Stair climbing robot project report pdf

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Unsourced material may be challenged and removed. Statements consisting only of original research should be removed. As a unit, the apparatus used compressed gas bags to store energy that would assist with movements, although it was passive in operation and required human power. In 1917, United States inventor Leslie C. Kelley developed what he called a pedomotor, which operated on steam power with artificial ligaments acting in parallel to the wearers movements. With the pedomotor, energy could be generated apart from the user. Powered by hydraulics and electricity, the suit allowed the wearer to amplify their strength by a factor of 25, so that lifting 25 kilograms was as easy as lifting one kilogram without the suit.

A feature dubbed force feedback enabled the wearer to feel the forces and objects being manipulated. While the general idea sounded somewhat promising, the Hardiman had major limitations. Another issue was that it is a master-slave system, where the operator is in a master suit, which, in turn, is inside the slave suit that responds to the master and handles the workload. This multiple physical layer type of operation may work fine, but responds slower than a single physical layer. When the goal is physical enhancement, response time matters. Its slow walking speed of 0.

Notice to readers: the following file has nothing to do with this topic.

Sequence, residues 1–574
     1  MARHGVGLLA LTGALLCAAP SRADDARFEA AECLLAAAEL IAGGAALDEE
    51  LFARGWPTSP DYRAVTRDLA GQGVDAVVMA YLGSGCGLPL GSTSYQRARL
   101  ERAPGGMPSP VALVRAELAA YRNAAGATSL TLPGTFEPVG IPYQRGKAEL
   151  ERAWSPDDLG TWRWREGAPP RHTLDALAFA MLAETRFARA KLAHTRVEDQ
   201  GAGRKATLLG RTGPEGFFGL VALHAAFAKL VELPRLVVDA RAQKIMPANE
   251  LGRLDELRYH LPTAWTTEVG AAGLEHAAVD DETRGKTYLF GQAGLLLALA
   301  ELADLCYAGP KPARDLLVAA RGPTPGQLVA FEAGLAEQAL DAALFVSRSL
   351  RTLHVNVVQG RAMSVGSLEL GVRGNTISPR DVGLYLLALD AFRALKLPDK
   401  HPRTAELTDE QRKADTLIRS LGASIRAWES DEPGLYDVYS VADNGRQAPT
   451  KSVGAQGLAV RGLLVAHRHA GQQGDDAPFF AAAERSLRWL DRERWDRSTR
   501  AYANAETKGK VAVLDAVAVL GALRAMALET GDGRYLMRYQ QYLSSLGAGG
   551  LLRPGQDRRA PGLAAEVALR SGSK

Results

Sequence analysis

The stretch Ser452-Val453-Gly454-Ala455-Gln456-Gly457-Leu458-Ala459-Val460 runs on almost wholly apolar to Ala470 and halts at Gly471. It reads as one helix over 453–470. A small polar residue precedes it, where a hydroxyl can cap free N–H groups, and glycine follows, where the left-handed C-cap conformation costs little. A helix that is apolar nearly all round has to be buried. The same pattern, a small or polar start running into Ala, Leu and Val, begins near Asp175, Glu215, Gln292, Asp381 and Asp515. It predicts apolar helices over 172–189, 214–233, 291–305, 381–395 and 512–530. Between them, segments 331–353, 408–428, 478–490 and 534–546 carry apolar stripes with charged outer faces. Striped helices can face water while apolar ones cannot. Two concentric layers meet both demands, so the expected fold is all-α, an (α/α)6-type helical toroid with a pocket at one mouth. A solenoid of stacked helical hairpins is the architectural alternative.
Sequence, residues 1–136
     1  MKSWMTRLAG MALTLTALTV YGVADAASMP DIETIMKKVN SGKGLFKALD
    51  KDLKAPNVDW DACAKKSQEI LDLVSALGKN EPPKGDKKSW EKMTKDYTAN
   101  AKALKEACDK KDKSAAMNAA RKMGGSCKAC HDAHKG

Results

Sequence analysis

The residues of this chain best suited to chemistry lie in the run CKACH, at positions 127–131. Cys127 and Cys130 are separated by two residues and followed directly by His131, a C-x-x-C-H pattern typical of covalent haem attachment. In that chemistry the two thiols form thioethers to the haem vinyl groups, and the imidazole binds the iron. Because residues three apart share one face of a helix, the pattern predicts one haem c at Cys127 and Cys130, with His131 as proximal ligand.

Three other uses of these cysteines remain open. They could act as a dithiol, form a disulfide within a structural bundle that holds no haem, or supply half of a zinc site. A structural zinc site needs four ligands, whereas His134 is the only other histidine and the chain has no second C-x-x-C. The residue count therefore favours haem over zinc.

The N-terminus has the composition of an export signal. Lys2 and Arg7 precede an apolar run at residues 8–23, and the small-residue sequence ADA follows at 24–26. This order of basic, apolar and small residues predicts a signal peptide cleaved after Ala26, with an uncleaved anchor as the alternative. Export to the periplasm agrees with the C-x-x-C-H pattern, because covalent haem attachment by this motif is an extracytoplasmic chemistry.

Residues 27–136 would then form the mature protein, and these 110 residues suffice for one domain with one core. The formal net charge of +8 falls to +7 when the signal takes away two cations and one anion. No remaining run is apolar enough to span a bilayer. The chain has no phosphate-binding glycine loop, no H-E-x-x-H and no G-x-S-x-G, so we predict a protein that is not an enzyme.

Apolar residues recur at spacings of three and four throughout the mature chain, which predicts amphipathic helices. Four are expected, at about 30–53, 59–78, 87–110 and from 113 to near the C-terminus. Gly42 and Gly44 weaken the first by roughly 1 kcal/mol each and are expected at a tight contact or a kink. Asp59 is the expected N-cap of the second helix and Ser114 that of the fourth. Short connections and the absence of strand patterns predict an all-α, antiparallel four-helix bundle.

The project was not successful. Any attempt to use the full exoskeleton resulted in a violent uncontrolled motion, and as a result it was never tested with a human inside. Further research concentrated on one arm. Without getting all the components to work together, the practical uses for the Hardiman project were limited.